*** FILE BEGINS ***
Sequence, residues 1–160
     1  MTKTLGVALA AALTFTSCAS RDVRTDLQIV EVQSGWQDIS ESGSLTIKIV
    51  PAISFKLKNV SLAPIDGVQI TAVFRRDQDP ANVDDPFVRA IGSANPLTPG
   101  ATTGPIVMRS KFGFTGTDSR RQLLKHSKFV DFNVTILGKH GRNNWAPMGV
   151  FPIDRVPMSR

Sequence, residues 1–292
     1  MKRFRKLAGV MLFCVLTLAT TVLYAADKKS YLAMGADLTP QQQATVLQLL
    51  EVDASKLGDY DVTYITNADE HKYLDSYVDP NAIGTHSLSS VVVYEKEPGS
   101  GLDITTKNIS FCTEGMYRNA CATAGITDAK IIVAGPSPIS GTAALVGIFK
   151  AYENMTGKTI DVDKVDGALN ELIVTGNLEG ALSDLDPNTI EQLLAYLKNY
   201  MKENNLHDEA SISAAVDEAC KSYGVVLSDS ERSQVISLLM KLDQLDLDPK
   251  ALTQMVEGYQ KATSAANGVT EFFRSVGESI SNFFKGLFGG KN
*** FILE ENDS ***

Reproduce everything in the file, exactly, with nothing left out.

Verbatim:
Sequence, residues 1–160
     1  MTKTLGVALA AALTFTSCAS RDVRTDLQIV EVQSGWQDIS ESGSLTIKIV
    51  PAISFKLKNV SLAPIDGVQI TAVFRRDQDP ANVDDPFVRA IGSANPLTPG
   101  ATTGPIVMRS KFGFTGTDSR RQLLKHSKFV DFNVTILGKH GRNNWAPMGV
   151  FPIDRVPMSR

Sequence, residues 1–292
     1  MKRFRKLAGV MLFCVLTLAT TVLYAADKKS YLAMGADLTP QQQATVLQLL
    51  EVDASKLGDY DVTYITNADE HKYLDSYVDP NAIGTHSLSS VVVYEKEPGS
   101  GLDITTKNIS FCTEGMYRNA CATAGITDAK IIVAGPSPIS GTAALVGIFK
   151  AYENMTGKTI DVDKVDGALN ELIVTGNLEG ALSDLDPNTI EQLLAYLKNY
   201  MKENNLHDEA SISAAVDEAC KSYGVVLSDS ERSQVISLLM KLDQLDLDPK
   251  ALTQMVEGYQ KATSAANGVT EFFRSVGESI SNFFKGLFGG KN